Wroth, L. Kinvin, et al., eds. Province in Rebellion: A Documentary History of the Founding of the Commonwealth of Massachusetts, 1774–1775. Cambridge, Mass.: Harvard University Press, 1975.
revised by Harold E. Selesky
MINUTEMEN were citizen soldiers in the American colonies who volunteered to fight the British at a "minute's" notice during the years before the American Revolution. The most famous minutemen were those who figured in the battles at Lexington and Concord, though minutemen militias were organized in other New England colonies as well.
While the term "minuteman" goes back at least to 1756, the famous body that developed under that name first appearing in the reorganization of the Massachusetts militia by the Worcester convention and the Provincial Congress in 1774. To rid the older militia of Tories, resignations of officers were called for in September. The Massachusetts Provincial Congress called for a reorganization of regiments and enrolled the minutemen as an organized militia. The Provincial Congress, meeting in October, found the same process voluntarily going on in the militia of other counties, and directed its completion. Thus a system of regiments was established in the province, with the minutemen to be ready for any emergency. The formation of the minuteman regiments proceeded slowly. On 14 February 1775, the Provincial Congress set 10 May for a complete return. None was ever made, and only scattered records show that while Marblehead organized its company on 7 November 1774, Woburn, though close to Boston, did not vote to establish
its minutemen until 17 April 1775, two days before the outbreak of war. No complete list of minuteman companies and regiments was possible, and only from town records, a few lists, and the "Lexington alarm lists" of minutemen and militia can a fragmentary roster be patched together of an organization that never was completed.
On 19 April, militia and minutemen turned out together to resist the British in Lexington and Concord, Massachusetts, in the first battles of the American Revolution. After news traveled through the countryside that the minutemen engaged in a skirmish with the British at Lexington, the colonial forces met with little opposition as they moved to the Concord bridge to meet the British expedition later that day. Both militia forces and minutemen participated in these conflicts. The minuteman organization was abandoned by the Provincial Congress when they organized Washington's Eight Months Army. As this was formed, it drew men from both minutemen and militia. Those who could not join went back into the militia, and the minutemen thenceforth disappeared in Massachusetts.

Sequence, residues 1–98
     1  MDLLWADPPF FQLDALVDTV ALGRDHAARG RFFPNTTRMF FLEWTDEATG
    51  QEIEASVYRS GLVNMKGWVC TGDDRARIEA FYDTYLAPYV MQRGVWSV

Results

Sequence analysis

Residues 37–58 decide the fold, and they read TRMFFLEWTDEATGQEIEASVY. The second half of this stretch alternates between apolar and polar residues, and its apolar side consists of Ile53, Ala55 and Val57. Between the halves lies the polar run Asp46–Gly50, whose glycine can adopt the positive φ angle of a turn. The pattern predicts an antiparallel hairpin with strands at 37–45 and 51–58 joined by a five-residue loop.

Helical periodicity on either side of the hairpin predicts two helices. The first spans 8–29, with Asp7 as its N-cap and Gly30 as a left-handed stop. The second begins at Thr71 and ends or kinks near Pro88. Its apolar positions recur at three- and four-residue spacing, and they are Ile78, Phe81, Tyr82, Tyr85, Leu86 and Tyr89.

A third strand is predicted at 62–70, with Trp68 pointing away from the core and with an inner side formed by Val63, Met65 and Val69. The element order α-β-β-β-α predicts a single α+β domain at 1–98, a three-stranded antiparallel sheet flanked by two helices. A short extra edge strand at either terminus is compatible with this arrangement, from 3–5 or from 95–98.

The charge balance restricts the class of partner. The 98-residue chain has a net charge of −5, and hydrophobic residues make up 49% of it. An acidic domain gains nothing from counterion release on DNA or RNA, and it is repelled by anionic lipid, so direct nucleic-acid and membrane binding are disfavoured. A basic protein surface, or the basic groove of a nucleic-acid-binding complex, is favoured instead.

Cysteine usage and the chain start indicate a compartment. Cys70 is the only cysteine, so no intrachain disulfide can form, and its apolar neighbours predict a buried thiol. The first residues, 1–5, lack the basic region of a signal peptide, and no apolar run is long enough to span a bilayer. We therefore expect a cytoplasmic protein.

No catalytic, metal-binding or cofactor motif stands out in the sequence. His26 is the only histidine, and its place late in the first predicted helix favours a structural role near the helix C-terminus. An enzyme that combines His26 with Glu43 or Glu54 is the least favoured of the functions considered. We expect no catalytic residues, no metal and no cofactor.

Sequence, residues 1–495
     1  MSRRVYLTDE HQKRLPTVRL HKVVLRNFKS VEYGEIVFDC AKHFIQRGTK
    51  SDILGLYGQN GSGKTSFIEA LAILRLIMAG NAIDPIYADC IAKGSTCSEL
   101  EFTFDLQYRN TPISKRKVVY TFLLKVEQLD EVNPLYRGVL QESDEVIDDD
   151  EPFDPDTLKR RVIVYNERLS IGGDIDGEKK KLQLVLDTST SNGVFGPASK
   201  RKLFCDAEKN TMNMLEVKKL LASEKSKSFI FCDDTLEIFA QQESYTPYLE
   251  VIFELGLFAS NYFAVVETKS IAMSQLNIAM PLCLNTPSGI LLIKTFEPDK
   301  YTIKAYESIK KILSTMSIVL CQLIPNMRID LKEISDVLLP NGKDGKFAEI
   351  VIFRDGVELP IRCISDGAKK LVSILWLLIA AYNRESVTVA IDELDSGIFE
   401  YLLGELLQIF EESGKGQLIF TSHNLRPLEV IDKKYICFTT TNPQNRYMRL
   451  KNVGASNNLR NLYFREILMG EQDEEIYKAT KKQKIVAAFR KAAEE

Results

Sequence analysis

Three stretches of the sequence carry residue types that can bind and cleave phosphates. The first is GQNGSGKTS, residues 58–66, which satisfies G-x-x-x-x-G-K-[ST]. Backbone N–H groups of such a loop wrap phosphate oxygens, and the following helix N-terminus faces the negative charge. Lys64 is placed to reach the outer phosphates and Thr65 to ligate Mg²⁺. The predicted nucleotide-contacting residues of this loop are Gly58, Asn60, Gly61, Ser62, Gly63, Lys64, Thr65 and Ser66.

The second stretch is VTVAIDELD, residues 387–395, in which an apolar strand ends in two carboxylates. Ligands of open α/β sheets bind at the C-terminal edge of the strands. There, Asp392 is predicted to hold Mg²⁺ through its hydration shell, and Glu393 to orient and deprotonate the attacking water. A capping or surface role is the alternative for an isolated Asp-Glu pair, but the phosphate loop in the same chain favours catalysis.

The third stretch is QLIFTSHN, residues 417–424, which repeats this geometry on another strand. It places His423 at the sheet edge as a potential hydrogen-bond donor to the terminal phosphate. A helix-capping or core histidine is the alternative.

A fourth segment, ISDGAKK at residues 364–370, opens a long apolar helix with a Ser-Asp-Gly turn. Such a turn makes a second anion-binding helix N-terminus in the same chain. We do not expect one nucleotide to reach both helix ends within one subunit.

Other colonies organized their minutemen on the recommendation of the Continental Congress in July 1775. Maryland, New Hampshire, and Connecticut used minutemen for rounds of service on special brief enlistments. Most notably, the Connecticut minutemen resisted William Tryon's expedition against Danbury.
The battle site in Concord, Massachusetts, is the present-day site of the Minute Man National Historic Park.
Gross, Robert A. The Minutemen and their World. New York: Hill and Wang, 1976, 2001.
Hoffman, Ronald, and Peter J. Albert, eds. Arms and Independence: The Military Character of the American Revolution. Charlottesville: University Press of Virginia, 1984.
min·ute·man / ˈminətˌman/ • n. (pl. -men) hist. (in the period preceding and during the American Revolution) a member of a class of American militiamen who volunteered to be ready for service at a minute's notice. ∎ (Minuteman) a type of three-stage intercontinental ballistic missile.
minutemen, in the American Revolution, colonial militiamen or armed citizens who agreed to turn out for service at a minute's notice. The term minutemen is used especially for the men who were enrolled (1774) for such service by the Massachusetts provincial congress. These were "the embattled farmers" who fought against the British at Lexington and Concord.